Thursday, August 12, 2010

More on Salt in Foods

It’s generally accepted that we eat too much salt in New Zealand – up to 150% of the maximum recommended intake (see Sodium in Food, 13 July 2010). Excessive consumption of sodium raises blood pressure and may increase the risk of cardiovascular disease. Bread is the greatest contributor to our sodium intake, followed by sausages and processed meats.

One of the concerns of manufacturers of foods that contain added salt is that the consumer will detect the change if salt content is reduced and refuse to buy that brand.

In 2003, I took part in a trial in which we tested three commercially baked breads with varying levels of salt, from the standard content at that time of 550 mg/100g, 5% reduction (530 mg/100g) and 10% reduction (490mg/100g). We performed controlled trials in which 60 consumers were given three samples - two identical and one different - and asked to pick the odd one out. This is called a triangle test. Twenty eight percent of the panellists correctly identified the 5% reduced sample and 37% identified the 10% reduced salt bread. This relatively small trial showed that these differences in perception of salt content were not statistically different i.e. that the consumers could not detect the lowered salt breads. Recent figures show that some breads now have 20% less salt than equivalent products in 2003.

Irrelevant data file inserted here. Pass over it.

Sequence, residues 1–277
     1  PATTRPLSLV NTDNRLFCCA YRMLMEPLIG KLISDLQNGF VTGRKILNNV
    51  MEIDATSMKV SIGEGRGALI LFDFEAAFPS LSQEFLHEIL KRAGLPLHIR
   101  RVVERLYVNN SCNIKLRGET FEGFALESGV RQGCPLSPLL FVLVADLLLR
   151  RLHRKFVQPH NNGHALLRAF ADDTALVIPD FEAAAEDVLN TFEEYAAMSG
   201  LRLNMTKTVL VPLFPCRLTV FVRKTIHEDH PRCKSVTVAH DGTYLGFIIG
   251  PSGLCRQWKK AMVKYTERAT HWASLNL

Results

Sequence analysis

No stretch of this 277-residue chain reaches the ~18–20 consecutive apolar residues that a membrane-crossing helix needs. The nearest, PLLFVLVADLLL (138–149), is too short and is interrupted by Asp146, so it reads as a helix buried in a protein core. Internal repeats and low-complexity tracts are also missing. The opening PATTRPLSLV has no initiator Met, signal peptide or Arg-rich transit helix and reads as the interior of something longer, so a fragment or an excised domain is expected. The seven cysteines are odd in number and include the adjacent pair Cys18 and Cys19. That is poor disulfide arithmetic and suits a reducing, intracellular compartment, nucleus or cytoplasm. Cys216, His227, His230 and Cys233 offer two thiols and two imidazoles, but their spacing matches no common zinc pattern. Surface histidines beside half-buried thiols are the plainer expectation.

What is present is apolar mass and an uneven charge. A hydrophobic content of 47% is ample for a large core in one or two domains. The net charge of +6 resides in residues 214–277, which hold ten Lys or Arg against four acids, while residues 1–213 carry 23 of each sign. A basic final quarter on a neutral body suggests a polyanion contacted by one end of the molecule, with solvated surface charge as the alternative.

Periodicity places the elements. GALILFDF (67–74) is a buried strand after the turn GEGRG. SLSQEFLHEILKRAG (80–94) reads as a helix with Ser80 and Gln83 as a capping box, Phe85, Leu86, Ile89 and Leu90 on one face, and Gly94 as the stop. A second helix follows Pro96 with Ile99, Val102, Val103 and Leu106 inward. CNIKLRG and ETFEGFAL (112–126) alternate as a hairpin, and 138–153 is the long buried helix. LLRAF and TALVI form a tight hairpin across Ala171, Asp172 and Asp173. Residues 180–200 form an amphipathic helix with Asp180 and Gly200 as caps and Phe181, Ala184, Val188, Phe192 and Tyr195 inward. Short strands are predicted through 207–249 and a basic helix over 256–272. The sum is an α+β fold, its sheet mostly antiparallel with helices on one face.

As I wrote in “Sodium in Food”, July 2010, sodium chloride has many functions in foods besides flavouring. What are the alternatives to salt? We can replace some sodium with other ions, such as potassium, magnesium and calcium. We can purchase reduced sodium table salt, though the UK Food Standards Agency does not recommend the use of salt substitutes, as they don’t reduce consumers’ taste for salt. Replacement of 40% of sodium by potassium in manufactured foods may result in detectable flavour changes and there may be problems for people with kidney conditions. We could use other preservatives, but consumers have been fed the line that preservatives are bad for them, so there is likely to be resistance to this approach. We could target other sources of sodium in the diet, such as monosodium glutamate (MSG, a flavour enhancer), or water binding agents, such as sodium tripolyphosphate.

How will we know if reducing salt in our food will result in safe food? We can conduct computer-based modelling experiments, using the vast resources of microbial growth models stored in databases. Some of these databases are freely available and allow us to predict such things as “time to spoil” or “time to toxicity” or simply “how long will it take this initial level of contamination to grow to an unacceptable population?” We can vary the formulation of the food and run the model again to see how it performs. In a matter of minutes, we can do extensive trials of alternative formulations.

Unfortunately, these models are not real foods. Once we have modelled the likely shelf life etc. we have to make samples and test them under normal storage and abuse conditions. This is not straightforward and can be very costly. The likelihood therefore is that we will not see rapid reductions in salt content of our manufactured foods, but rather a progressive reduction, as was the case with bread. We can, however, make a start on personal salt intake reduction by using other seasonings and spices in our homes.

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